Once counselor and Imagine Grant recipient Kimberly McGuire noticed an ongoing problem in her district, she couldn’t let it go. She knew she had to find a way to help students stay focused on their goal of college attendance.
“A lot of times counselors get pulled outside of their role during the school year. We thought, if we could start over the summer, perhaps we could inspire these students throughout the year to maintain contact with their counselors and give them the tools so they can start the research on their own,” McGuire said.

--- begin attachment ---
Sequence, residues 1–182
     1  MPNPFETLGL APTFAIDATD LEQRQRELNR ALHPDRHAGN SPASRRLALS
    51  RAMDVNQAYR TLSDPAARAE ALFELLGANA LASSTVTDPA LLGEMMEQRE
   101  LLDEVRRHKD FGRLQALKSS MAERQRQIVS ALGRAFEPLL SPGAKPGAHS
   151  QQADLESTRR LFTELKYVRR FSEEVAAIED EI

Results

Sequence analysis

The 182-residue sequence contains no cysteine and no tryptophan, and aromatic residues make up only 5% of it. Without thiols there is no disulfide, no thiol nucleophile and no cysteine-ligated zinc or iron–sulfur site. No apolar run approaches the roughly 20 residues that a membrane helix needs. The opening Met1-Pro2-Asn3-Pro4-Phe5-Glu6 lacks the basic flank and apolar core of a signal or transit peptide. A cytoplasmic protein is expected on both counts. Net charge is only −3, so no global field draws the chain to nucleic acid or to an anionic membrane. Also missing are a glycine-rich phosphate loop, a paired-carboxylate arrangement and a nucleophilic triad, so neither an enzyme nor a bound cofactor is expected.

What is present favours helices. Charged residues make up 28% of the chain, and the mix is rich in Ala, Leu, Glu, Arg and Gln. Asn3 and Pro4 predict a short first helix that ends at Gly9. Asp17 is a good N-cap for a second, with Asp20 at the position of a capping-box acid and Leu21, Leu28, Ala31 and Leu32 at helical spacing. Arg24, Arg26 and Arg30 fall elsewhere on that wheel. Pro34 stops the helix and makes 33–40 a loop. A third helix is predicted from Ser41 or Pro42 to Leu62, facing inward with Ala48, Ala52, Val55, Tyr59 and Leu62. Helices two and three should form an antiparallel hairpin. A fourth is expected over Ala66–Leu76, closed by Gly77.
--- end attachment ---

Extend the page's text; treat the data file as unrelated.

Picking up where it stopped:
“We just see so many gaps. This is something that’s needed.”
McGuire, along with fellow Savannah-Chatham County public school counselors Kim Jackson-Allen and Chiquita Polite, developed the Post-Secondary Readiness through Intervention, Mentoring, and Exposure (PRIME) Summer College Readiness Workshop and Tour.
The challenges faced by first-generation college students are well-documented, and according to new data, some of those hurdles begin to crop up in high school.
A research brief from the National Center for Education Statistics found that students whose parents did not go to college were less likely to enroll in challenging high school courses than their peers.